Racial justice should be central to the practice of consumer law on behalf of low-income people. Advocates should be open to changing their practice to meet the specific needs of the communities they serve.
This white paper from the Shriver Center’s Legal Impact Network highlights the work of consumer advocates who are seeking to actively acknowledge and directly confront the ways in which racism impacts their consumer clients and consumer advocacy.
Structural racism embedded in American laws and institutions has resulted in deep and enduring disparities in health, employment, housing, and economic opportunity for Black, Latino/a/x, Indigenous, Asian, and other consumers of color. The COVID-19 pandemic has deepened these inequities as individuals and hard-hit communities struggle to recover from the health and economic challenges caused by the pandemic. Enforcement of consumer protection laws can ameliorate some of the issues surrounding housing and abusive lending practices.
The role of the courts in sustaining a false notion of justice while perpetuating housing insecurity in communities of color cannot be overlooked. This article describes parallels between the COVID-19 and foreclosure crises, considers the historical origins of the courts’ expansive equitable powers, and proposes a path toward reclaiming a place for equity in the courtroom through consistent, zealous advocacy and greater public scrutiny of judicial candidates.
Springdale, Arkansas, is home to over 12,000 former inhabitants of the Marshall Islands, a remote area in the South Pacific made up of a small chain of volcanic islands. Marshall Islanders have relocated to Arkansas in search of opportunity and stability. Advocates at Legal Aid of Arkansas realized that, in order to address the needs of this unique community, they had to change their approach to traditional legal aid, center race in their work, and invest in building trust and cultural competence with a community in desperate need of support.
One of the most powerful forces operating against the economic security and mobility of Black families in Mississippi is the prevalence of payday loan servicers. The culture of debt and siphoning of wages from Black families perpetuated by the payday lending industry harkens back to the region’s history of sharecropping. This article uses the frame of this historical linkage to describe the proliferation and power of payday lending institutions in Mississippi. To assist Black consumers in the state, the Mississippi Center for Justice has created alternative low-cost micro-loan opportunities while also engaging in other supportive work.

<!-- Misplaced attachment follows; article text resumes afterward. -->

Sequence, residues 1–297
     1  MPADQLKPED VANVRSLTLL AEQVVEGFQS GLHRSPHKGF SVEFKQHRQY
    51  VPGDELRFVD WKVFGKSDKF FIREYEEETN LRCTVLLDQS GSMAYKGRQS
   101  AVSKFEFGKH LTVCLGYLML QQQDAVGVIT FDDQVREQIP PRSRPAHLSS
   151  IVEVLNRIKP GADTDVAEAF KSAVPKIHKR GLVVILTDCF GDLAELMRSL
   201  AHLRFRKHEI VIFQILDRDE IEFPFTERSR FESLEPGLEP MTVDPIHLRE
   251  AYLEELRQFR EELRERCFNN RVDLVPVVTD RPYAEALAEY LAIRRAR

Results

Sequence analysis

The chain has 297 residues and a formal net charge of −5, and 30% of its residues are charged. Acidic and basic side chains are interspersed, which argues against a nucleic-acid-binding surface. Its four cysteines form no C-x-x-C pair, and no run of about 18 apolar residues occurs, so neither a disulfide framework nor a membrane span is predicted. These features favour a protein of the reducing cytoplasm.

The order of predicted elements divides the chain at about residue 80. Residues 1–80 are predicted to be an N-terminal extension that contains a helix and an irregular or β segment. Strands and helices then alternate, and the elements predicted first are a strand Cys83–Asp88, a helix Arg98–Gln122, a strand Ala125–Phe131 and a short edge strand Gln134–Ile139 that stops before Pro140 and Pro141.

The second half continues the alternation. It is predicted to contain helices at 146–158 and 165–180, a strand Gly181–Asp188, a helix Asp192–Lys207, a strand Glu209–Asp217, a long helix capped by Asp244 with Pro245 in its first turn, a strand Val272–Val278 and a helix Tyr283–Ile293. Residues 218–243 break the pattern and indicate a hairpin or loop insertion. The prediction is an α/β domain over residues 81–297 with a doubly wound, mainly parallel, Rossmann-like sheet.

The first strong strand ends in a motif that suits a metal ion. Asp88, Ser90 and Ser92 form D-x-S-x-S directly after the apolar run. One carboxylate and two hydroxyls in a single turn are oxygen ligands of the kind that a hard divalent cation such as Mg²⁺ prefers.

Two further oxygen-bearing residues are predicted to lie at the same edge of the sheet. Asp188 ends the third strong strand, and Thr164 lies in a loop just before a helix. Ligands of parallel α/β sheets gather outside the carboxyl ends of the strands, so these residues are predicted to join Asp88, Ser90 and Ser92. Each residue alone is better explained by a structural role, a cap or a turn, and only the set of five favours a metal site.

Nearly two out of three small loan companies in New Mexico are located within 15 miles of Native American lands. This article describes how the high-cost lending industry in the state is grounded in the ongoing colonization and extraction of wealth from Native communities. Using a racial justice perspective, advocates at the New Mexico Center on Law and Poverty and their partners have worked to change the narrative about predatory lending in New Mexico and urge the state legislature to reform lending laws.
In July 2021, the Shriver Center and the National Consumer Law Center offered a series of free webinars featuring Legal Impact Network members and other advocates discussing strategies for applying a race equity lens to consumer law advocacy.
Session 1: July 13, 2021
During this session, we discussed why race is a critical part of anti-poverty advocacy generally and consumer advocacy specifically. Speakers introduced concepts to help advocates advance racial equity in their work and discussed how racial justice may require advocates to change their approach in advocacy and in court. Presenters: Ben Carter (Kentucky Equal Justice Center), Kimberly Merchant (Shriver Center on Poverty Law), & Odette Williamson (National Consumer Law Center)
Session 2: July 20, 2021
This session focused on how Legal Aid of Arkansas changed their approach to consumer advocacy to better support a vibrant community of Marshallese in-migrants being targeted by predatory consumer practices. Presenters: Eldon Alik (Marshallese Consulate, Springdale AR), Melisa Laelan (Arkansas Coalition of Marshallese), Susan Purtle (Legal Aid of Arkansas), & Mallory Sanders (Legal Aid of Arkansas)
Session 3: July 27, 2021
During this session, advocates discussed how specific regional histories of indigenous oppression in New Mexico and sharecropping in Mississippi have informed their understanding of the predatory payday lending landscape in their states. Contextualizing payday lending in this way surfaced new issues and presented different approaches in two unique communities within different political environments. Presenters: Lindsay Cutler (New Mexico Center on Law and Poverty) & Charles Lee (Mississippi Center for Justice)